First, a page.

CNA Staff, Mar 17, 2023 / 08:53 am (CNA).
Following the conclusion of the German Synodal Way, several bishops have announced plans to put into practice resolutions passed by the process, including liturgical blessings of same-sex unions in their churches.
The Synodal Way, which concluded in Frankfurt on March 11, “give[s] us the tailwind we need for concrete changes in our diocese,” Bishop Franz-Josef Bode of Osnabrück said March 14.
Bode — who is vice president of the German Bishops’ Conference — said his diocese encouraged “all couples in our diocese who cannot or do not want to marry in church but still want to put their relationship under a church blessing” to “get in touch with us.” He added that such celebrations were already available in some parishes of his diocese.
Bode on Tuesday also announced that laypeople would be able to baptize babies and “regularly” preach at homilies, CNA Deutsch reported.
Another German prelate, Bishop Heiner Wilmer of Hildesheim, added his support, telling staff in his diocese: “It is of great importance to me that LGBTQ people are accompanied pastorally, spiritually, and liturgically. I welcome the Synodal Way’s endorsement of establishing a task force to develop a handout for celebrations of blessing for same-sex couples as well as remarried divorcees,” CNA Deutsch reported.
On Friday last week, the German bishops and other delegates of the Synodal Way passed a resolution to develop and provide Church blessings to same-sex unions.
Titled “Blessing ceremonies for couples who love each other,” the measure was opposed by only nine of 58 bishops, while 11 bishops abstained.
German bishops who have previously voiced public support for the blessing of same-sex unions in the Catholic Church include Cardinal Reinhard Marx of Munich and Freising and Bishop Heinrich Timmerervers of Dresden-Meißen.
In March 2022, Cardinal Marx said he had personally blessed a same-sex couple in Los Angeles.
One year earlier, in March 2021, the Vatican confirmed that the Catholic Church does not have the power to give liturgical blessings to homosexual unions. Answering the question “does the Church have the power to give the blessing to unions of persons of the same sex,” the Congregation — now the Dicastery — for the Doctrine of the Faith responded: “Negative.”
In an accompanying note, the Vatican’s doctrine office explained that blessings are sacramentals, and “consequently, in order to conform with the nature of sacramentals, when a blessing is invoked on particular human relationships, in addition to the right intention of those who participate, it is necessary that what is blessed be objectively and positively ordered to receive and express grace, according to the designs of God inscribed in creation, and fully revealed by Christ the Lord.”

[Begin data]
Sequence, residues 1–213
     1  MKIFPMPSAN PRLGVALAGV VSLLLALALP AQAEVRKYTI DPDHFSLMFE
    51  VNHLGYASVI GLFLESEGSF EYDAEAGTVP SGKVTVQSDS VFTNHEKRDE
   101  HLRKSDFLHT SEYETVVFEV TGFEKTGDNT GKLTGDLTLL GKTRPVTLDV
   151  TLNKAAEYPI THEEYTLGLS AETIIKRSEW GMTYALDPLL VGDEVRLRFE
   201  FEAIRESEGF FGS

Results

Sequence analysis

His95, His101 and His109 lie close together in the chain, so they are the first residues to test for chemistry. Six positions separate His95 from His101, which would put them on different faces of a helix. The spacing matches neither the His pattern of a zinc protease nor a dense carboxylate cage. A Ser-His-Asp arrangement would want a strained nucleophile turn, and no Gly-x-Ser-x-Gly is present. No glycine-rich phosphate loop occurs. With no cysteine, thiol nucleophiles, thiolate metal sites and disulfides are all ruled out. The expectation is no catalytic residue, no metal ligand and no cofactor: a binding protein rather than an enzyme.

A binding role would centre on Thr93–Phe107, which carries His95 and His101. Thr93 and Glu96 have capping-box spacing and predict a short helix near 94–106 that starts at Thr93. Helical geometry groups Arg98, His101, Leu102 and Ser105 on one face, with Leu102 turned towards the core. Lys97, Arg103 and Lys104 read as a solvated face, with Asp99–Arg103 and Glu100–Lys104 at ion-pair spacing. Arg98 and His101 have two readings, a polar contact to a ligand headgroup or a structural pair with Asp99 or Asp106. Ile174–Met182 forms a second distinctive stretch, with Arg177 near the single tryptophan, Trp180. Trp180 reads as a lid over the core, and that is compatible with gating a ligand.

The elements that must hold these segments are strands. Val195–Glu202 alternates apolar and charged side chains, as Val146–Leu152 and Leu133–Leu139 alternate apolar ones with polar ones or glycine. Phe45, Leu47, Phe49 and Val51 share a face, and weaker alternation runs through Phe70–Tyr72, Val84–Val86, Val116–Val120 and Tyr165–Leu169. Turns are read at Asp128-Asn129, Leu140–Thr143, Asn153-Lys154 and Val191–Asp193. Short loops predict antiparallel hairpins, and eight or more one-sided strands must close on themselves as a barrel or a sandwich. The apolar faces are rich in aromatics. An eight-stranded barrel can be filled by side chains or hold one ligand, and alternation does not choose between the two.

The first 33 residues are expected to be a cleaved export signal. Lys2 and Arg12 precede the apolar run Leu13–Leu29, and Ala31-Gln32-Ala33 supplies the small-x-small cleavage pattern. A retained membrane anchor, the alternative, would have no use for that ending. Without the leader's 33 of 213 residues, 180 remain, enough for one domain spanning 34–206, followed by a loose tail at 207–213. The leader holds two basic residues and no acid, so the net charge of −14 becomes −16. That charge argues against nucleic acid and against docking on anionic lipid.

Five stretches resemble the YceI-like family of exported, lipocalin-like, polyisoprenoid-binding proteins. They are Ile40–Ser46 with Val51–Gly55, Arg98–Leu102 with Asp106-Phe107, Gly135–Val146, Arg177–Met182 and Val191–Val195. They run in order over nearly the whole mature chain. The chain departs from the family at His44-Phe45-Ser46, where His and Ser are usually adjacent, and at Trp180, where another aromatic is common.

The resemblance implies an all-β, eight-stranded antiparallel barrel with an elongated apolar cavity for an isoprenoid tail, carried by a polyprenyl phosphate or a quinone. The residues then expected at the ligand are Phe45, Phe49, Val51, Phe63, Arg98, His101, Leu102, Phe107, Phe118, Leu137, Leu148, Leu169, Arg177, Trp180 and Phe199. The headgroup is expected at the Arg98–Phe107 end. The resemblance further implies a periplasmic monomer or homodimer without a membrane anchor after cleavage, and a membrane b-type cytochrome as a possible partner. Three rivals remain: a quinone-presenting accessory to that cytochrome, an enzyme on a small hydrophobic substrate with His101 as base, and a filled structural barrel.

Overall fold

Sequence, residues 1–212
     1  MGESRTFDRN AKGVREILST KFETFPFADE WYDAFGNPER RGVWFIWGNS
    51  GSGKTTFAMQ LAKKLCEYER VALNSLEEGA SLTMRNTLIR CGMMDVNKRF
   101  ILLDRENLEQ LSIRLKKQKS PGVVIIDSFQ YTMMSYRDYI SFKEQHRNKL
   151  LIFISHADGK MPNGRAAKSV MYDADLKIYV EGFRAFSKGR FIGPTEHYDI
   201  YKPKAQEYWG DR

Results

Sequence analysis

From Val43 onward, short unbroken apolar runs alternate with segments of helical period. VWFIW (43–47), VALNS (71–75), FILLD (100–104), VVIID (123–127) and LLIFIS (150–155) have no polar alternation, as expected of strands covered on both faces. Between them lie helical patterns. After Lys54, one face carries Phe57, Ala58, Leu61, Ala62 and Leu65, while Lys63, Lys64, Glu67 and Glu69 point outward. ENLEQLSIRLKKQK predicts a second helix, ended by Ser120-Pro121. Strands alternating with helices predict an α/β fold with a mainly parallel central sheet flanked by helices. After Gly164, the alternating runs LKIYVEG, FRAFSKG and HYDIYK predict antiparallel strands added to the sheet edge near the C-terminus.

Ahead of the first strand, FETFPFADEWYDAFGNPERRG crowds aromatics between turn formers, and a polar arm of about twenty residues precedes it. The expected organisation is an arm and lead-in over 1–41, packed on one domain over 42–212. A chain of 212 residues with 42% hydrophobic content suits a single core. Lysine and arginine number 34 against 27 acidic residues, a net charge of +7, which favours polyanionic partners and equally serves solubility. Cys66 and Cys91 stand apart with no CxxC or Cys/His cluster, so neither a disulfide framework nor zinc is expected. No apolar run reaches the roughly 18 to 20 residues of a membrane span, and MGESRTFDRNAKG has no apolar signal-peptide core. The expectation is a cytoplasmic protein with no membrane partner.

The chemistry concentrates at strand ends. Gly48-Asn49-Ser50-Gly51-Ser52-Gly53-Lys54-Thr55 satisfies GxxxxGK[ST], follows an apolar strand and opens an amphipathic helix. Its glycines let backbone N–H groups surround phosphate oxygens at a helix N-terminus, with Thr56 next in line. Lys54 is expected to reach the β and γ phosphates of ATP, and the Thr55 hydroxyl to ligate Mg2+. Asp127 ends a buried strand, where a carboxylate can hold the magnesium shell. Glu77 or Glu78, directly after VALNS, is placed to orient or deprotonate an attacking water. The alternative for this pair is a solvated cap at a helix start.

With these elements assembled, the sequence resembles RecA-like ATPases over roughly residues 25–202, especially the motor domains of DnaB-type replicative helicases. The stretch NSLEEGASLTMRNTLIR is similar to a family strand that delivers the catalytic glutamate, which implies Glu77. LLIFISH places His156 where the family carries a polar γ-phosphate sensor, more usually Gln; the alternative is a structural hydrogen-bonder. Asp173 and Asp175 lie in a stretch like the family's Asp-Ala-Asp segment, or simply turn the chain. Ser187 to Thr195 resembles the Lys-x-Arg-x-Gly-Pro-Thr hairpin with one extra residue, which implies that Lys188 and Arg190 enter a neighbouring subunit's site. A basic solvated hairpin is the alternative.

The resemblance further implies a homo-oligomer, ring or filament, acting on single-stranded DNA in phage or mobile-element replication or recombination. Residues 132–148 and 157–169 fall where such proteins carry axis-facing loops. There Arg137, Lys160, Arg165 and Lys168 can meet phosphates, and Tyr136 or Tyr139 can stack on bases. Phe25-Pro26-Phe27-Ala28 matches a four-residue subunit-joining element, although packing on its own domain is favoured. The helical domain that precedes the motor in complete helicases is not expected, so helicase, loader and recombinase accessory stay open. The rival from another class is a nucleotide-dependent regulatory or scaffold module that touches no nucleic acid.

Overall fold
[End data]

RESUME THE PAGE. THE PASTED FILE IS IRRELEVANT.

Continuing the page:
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So does this mean that Pope Francis is now going to let all Catholic Bishops and Priests, from around the world, simply govern their Catholic flock in any way that they want to?
Just disgusting on every proposal. I look forward to hearing that the Pope has excommunicated all of these Bishops from the CATHOLIC church. Should he fail to do so,and attempt to co-opt this into the larger church, I suspect the movement to the Latin Mass will be massive.There is nothing to stop them from breaking away too. If the Germans want to run a carnival side-show, let them do it with a new church name and someone else’s money. I hope the Bishops who lacked the spine to veto this know that they will have to account for their actions to God one day. Or, maybe they dont believe that anymore either.
Francis held two private meetings with James Martin and has yet to correct or condemn Cardinal McElroy’s false teachings about human sexuality. Not sure we should hold our breath waiting for Francis to grow a spine and actually do his job, sad to say.
That’s just it. It is their money. This is why it’s a big deal. The German church is the richest church in the world — by far.
Ugh. The more of the LEFTIST crazy I see in the church, the more attractive the traditional movement in the church becomes.
“Yuck” was my immediate reaction to this headline—neither a theological nor reasoned response. “Ugh” is understandable, too. I cannot envision a more chaotic—dare one say “hellish” spiritual environment than one with thousands of shrill voices spouting their self deified opinions to whole congregations. By the way, I have experienced this squeamish environment on a small scale. The devil is definitely in the details.
It’s hard to imagine that German seminaries are bursting with candidates for the priesthood, or that a move such as this will attract even a few. Anyone actually serious about the faith will head for the FSSP or some similar traditionalist order.
An open invitation to Gays to come out of the closet.